• --These media-cultural exports undermine the distinctive traditions and art forms of other societies and encourage their cultural and economic dependence on the United States.
    • Conflict View
  • 17. Sociological Perspective of the Media
    • Feminists continue the argument advanced by conflict theorists that the mass media stereotype and misrepresent social reality.
    • The media are a powerful influence on how we look at men and women, and, according to this view, their images of the sexes communicate unrealistic, stereotypical, and limiting perceptions.
    • Feminist View
  • 18. Sociological Perspective of the Media
    • Three Problems Arising From Media Coverage :
      • Women are underrepresented
      • Men and women are portrayed in ways that reflect and perpetuate stereotypical views of gender
      • Depictions of male-female relationships emphasize traditional sex roles and normalize violence against women
    • Feminist View
  • 19. Sociological Perspective of the Media
    • Interactionists are especially interested in shared understandings of everyday behavior.
    • They examine the media on the microlevel to see how they shape day-to-day social behavior.
    • Scholars increasingly point to the mass media as the source of major daily activity.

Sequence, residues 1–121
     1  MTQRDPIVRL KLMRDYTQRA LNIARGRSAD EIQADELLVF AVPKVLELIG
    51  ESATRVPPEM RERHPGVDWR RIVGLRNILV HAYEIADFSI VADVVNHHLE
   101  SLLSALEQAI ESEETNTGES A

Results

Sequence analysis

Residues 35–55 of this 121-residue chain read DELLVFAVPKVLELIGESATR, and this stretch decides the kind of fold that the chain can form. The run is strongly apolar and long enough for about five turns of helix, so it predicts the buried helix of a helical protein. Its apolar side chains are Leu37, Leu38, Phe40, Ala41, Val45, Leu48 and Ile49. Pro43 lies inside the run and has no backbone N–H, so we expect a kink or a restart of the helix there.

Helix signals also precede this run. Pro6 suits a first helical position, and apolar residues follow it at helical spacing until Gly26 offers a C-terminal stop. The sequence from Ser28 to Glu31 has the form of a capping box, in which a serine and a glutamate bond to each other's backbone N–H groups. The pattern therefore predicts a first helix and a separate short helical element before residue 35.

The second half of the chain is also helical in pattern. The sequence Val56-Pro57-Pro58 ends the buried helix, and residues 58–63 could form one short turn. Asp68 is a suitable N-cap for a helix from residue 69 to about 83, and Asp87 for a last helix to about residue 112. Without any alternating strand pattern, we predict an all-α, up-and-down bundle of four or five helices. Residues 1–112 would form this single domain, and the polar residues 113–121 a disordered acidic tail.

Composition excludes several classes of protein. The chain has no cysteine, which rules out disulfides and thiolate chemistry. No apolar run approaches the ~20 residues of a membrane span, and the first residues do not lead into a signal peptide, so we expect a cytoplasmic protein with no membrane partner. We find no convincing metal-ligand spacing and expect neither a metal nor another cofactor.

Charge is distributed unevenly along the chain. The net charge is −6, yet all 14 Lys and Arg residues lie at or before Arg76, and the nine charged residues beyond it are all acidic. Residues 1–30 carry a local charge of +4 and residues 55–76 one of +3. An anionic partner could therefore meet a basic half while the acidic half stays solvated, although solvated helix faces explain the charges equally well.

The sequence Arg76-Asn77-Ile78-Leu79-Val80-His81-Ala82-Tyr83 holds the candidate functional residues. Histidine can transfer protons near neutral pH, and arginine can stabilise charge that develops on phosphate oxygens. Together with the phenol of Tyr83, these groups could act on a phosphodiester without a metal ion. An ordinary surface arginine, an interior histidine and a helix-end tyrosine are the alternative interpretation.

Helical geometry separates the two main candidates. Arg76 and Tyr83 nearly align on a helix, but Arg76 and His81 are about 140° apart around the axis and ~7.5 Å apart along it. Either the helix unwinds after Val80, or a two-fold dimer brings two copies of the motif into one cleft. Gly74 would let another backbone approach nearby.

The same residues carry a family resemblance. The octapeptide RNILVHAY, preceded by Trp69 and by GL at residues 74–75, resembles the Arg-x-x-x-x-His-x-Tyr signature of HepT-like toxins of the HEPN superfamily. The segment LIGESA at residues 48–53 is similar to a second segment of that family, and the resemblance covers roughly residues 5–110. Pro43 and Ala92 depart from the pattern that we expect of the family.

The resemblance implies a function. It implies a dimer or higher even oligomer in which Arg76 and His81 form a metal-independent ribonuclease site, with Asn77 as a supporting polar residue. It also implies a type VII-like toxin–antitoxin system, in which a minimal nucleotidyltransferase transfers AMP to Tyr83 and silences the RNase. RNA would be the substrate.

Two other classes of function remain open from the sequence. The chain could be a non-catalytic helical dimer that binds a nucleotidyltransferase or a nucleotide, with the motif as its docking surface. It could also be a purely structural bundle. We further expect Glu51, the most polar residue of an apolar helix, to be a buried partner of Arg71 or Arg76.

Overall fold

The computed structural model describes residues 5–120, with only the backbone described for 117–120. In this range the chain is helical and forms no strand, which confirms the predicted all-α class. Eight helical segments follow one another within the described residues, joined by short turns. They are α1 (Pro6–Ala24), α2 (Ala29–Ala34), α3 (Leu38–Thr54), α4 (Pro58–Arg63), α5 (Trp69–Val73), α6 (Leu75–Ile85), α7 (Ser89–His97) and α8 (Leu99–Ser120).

• The interactionist perspective also helps us to understand more about one important aspect of the entire mass media system—the audience.
    • Interactionist View
  • 20. The Audience
    • Mass media distinguished from other social institutions by the necessary presence of an audience.
    • It can be an identifiable, finite group or a much larger, undefined group.
    • Who is the Audience?
  • 21. The Audience
    • Microsociological view of audience: Considers how audience members interacting among themselves would respond to the media.
    • Macrosociological view of audience: Considers the broader societal consequences of the media.
    • Audiences vary in their composition.
    • Who is the Audience?
  • 22. The Audience
    • The media is increasingly marketing themselves to a particular audience.
    • This specialization is driven by advertising.
    • Members of these audiences are more likely to expect content geared to their own interests.
    • This specialized targeting of audiences has led some scholars to ponder whether there is still a “mass” in mass media.
    • The Segmented Audience
  • 23. The Audience
    • The role of audience members as opinion leaders intrigues social researchers.